DNA evidence has changed the criminal justice system forever. Thanks to technologies that allow us to accurately determine the person who DNA evidence, such as blood, sweat, hair, saliva, and semen, belongs to, police can accurately determine if a suspect has been at a crime scene. DNA has a unique pattern that can be determined and identified to a single unique individual. DNA evidence can be extracted from just as little evidence as a few cells, so even trace amounts of evidence at a crime scene can often crack cases wide open.
DNA evidence has been used by prosecutors to prove the guilt of the accused, and defense lawyers have been able to exonerate innocent people by showing that the DNA evidence does not match. Although it has its flaws like any other test, DNA evidence often serves as definitive proof in trials.
If Police Find Physical DNA Evidence Related to My Case, What Does That Mean?
When police properly collect and handle DNA evidence and the lab uses generally accepted testing methods and conducts their analysis correctly, DNA evidence is extremely accurate. There is only about a one in a billion chance that a sample will falsely match another person. This means that DNA is very compelling to juries. If the DNA evidence matches a different person, your defense will be in a much better place. On the other hand, if the DNA evidence ties you to the crime, it will be an uphill battle in court.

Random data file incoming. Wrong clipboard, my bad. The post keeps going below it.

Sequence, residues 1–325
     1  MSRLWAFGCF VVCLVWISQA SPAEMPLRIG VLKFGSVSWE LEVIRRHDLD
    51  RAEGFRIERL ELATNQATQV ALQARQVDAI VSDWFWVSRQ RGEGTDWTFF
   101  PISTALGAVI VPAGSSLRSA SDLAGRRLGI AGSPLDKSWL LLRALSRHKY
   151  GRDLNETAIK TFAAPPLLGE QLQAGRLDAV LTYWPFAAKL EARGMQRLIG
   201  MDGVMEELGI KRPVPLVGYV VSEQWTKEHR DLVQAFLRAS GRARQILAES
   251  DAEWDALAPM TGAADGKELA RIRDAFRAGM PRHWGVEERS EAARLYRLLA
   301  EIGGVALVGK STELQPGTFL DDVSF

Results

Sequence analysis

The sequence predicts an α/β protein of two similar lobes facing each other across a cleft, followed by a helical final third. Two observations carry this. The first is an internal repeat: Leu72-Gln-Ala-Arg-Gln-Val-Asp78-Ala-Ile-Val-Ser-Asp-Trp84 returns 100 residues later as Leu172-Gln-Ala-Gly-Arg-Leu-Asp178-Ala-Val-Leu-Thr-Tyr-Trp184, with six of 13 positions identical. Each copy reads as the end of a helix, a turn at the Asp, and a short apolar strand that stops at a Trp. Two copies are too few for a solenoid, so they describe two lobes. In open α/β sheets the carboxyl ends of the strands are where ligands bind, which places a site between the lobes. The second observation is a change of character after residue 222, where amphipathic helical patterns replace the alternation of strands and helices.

Unfortunately, DNA evidence collection and testing processes are not perfect. While law enforcement agencies try not to taint evidence by using strict policies during evidence collection, such as using gloves and keeping evidence at a correct temperature, mistakes happen often. When DNA evidence collected at the crime scene mixes with the DNA of another person, samples are contaminated, making an identification much more difficult. Sometimes the lab where evidence is sent uses unreliable or inaccurate tests or stores the evidence incorrectly. This can similarly compromise the results. This evidence will not even be allowed to be presented in court if the judge determines that a mistake with the evidence has been made.
It is also important to remember that the simple presence of DNA in a crime scene alone is not enough for a conviction. If a crime occurs in a public place, such as a park or on the street, there is bound to be DNA evidence from a large number of people. Similarly, your DNA is bound to be in places you frequent often. DNA evidence is only a piece of the puzzle of solving a crime. While the prosecution may believe that it proves a case, it may only be a coincidence or have a reasonable explanation.
For these reasons, DNA evidence, while a serious part of any case, is not the entire case itself. An experienced Cincinnati defense attorney will be able to help you determine what the DNA evidence means in your particular case and help you deal with it. If you are a suspect in a criminal investigation where the police have DNA evidence, call us at Luftman, Heck & Associates today at (513) 338-1890 for a free consultation on your case. Get experienced Cincinnati criminal lawyers on your side to fight for your rights and to ensure that all procedures are being used properly, so that any DNA evidence is not compromised against you.